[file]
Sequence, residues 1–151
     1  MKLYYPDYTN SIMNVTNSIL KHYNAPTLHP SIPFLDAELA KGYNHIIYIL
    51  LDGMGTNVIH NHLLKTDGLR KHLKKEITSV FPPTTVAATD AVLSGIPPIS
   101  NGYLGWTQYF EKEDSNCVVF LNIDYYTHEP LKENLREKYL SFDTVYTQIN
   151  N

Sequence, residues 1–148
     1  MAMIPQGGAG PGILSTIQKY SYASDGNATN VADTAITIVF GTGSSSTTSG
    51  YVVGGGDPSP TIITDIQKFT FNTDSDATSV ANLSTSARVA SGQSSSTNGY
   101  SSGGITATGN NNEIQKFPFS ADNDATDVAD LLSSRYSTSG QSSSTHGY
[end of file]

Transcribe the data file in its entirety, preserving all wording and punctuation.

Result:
Sequence, residues 1–151
     1  MKLYYPDYTN SIMNVTNSIL KHYNAPTLHP SIPFLDAELA KGYNHIIYIL
    51  LDGMGTNVIH NHLLKTDGLR KHLKKEITSV FPPTTVAATD AVLSGIPPIS
   101  NGYLGWTQYF EKEDSNCVVF LNIDYYTHEP LKENLREKYL SFDTVYTQIN
   151  N

Sequence, residues 1–148
     1  MAMIPQGGAG PGILSTIQKY SYASDGNATN VADTAITIVF GTGSSSTTSG
    51  YVVGGGDPSP TIITDIQKFT FNTDSDATSV ANLSTSARVA SGQSSSTNGY
   101  SSGGITATGN NNEIQKFPFS ADNDATDVAD LLSSRYSTSG QSSSTHGY